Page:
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Testing Method

Our mission is to compare the CORSAIR H70’s performance to another top all in one liquid cooling system as well as a top air cooler. The cooling fans have been installed in default configurations. These tests were performed with all the coolers powered directly by a fan controller or straight from the PSU to eliminate any variables. However, the Vantage ALC’s coolant temperature dictates the speed of the fan depending on the mode selected. The Vantage ALC was tested using Silent and Extreme modes which are the closest options to slow and high speed. A trusty SPL meter 24 inches away from the case was used to measure noise levels for all the coolers.

Each cooler was burned in for an hour using OCCT at default settings so that the thermal paste could settle. Then, the system was left to idle for an hour in preparation for the final thermal test. After an idle temp was recorded, each cooler experienced a final CPU burn in with loaded temps recorded at the end. If the coolers can manage temps successfully under OCCT, they’ll never fail you in regular use, in our humble opinion.

Thermal Results

Keep in mind, OCCT pushes the CPU cores to maximum load. You may never see this kind of load often, if at all, with regular system use. But, the cooler should also be able to handle the worst case scenario. Here’s what we found…

I’m not surprised to see the dual fan H70 out cool the single fan Vantage ALC. It’s because the Vantage’s fan speed is dictated by the liquid’s temperature automatically with no manual control over the fan speed. Unless those coolant temps start to hit 40-45 C, the fans won’t quite hit max. It’s only when overclocking do we get to see a bigger difference in performance.

Noise Levels

The H70 was mostly audible at high speed and very quiet like the Vantage ALC at low speeds. The Vantage fan doesn’t crank up high enough to be bothersome since the coolant didn’t get very hot. The Noctua NH-D14 was the least audible of the three on average even though it has two cooling fans.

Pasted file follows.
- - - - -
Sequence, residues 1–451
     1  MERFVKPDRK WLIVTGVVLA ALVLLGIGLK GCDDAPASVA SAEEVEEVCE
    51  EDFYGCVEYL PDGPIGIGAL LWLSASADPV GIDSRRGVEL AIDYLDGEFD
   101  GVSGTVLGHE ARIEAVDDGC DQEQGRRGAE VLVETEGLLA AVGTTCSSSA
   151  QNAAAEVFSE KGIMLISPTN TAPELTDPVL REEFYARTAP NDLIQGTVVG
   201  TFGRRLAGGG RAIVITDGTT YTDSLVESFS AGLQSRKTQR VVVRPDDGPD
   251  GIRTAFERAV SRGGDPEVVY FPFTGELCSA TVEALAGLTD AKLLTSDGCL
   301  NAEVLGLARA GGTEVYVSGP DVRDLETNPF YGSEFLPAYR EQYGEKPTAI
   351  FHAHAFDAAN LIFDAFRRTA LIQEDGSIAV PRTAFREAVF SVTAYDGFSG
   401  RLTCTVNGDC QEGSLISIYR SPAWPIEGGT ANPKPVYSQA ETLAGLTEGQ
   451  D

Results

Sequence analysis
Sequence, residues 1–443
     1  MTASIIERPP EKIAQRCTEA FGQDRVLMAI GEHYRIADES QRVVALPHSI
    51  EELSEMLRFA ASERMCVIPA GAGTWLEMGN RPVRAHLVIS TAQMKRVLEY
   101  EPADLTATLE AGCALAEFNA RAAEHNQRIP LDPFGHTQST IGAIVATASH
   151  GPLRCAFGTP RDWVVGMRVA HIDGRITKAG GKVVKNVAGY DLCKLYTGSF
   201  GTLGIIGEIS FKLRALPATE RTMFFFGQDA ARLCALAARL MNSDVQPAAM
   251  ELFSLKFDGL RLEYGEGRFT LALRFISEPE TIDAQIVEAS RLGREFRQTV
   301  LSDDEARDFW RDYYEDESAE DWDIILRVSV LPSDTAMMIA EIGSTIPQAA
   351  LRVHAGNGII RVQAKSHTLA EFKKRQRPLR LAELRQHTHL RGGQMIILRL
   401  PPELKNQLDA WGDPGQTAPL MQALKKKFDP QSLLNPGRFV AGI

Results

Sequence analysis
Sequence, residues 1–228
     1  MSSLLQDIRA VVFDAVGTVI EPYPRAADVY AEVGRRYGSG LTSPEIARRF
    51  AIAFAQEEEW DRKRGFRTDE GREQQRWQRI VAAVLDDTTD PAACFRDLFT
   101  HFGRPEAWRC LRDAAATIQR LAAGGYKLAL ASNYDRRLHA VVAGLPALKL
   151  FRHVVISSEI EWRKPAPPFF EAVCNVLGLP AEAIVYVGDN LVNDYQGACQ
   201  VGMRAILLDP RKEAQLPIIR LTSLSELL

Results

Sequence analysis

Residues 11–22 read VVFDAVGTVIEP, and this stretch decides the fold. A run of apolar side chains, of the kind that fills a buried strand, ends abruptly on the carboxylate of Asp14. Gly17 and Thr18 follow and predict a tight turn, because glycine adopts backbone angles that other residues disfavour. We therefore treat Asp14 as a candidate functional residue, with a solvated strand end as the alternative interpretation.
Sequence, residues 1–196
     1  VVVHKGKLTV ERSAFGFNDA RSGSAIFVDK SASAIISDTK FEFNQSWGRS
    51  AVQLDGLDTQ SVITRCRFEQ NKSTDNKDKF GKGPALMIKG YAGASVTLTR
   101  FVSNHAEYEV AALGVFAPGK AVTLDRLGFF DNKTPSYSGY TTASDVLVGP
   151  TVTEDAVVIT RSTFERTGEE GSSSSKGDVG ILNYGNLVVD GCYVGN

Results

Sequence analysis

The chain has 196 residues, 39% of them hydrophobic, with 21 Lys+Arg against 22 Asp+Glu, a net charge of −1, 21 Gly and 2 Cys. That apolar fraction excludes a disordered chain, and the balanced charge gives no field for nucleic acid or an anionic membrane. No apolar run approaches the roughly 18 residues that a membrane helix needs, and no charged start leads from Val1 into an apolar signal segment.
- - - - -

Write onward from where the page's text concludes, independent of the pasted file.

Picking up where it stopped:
The H70 didn’t top 31 dBA at full speed when measured with the case panel off. The air seems to pass through the radiator with relative efficiency meaning very little air restriction which can increases noise. But like any decent case, the noise levels drop when it’s closed up.

While some of you won’t overclock your computer, it’s here that you get to see the brute cooling potential of these coolers. For instance, the once quiet Vantage finally has to rev its single 120mm cooling fan up to try and control the higher liquid temps creating a 43 dBA wall of noise completely surpassing the H70 with its meager 31 dBA. The Noctua NH-D14 was much quieter than both but really held it’s own as one of the best air coolers on the market today.

Final Thoughts

The Corsair Hydro Series H70 High Performance CPU Cooler is a top performing all-in-one liquid cooling system. Improved features like the extra thick 120mm radiator with dual fans plus a new low-profile heat exchanger increase performance over the original H50. Granted, it’s not the quietest liquid cooler around, but it also isn’t the loudest by any stretch when compared to the single fan Vantage ALC under extreme CPU frequencies.

While it’s not as flashy as the Vantage ALC with its LCD display, it isn’t plain or ugly either. The H70 is a bit more compact which is nice and performance and affordability seem to be main objectives in design. Both the Vantage ALC and H70 are priced identically at $109.99 US at most retailers, but recent rebates have the Vantage ALC hitting for as low as $89.99 US. The savings could go to adding an extra fan to upgrade the Vantage ALC to a push-pull configuration, but that’s another story.

In the end performance matters over flashy LCDs and it’s clear the CORSAIR H70 wins the day. It’s also much easier to manage than the enormous Noctua NH-D14 despite giving up a degree or two in pure performance. It’s definitely worth recommending.


  • Excellent cooling in a compact size
  • Works well in performance computer enclosures
  • Easy installation
  • Good quality components
  • Very affordable at $109.99 US
  • Dual cooling fans eliminate high RPM noise


  • Not as flashy as less expensive competitors
  • Copper exchanger base could be more polished

Overall Rating: 9.0 / 10.0

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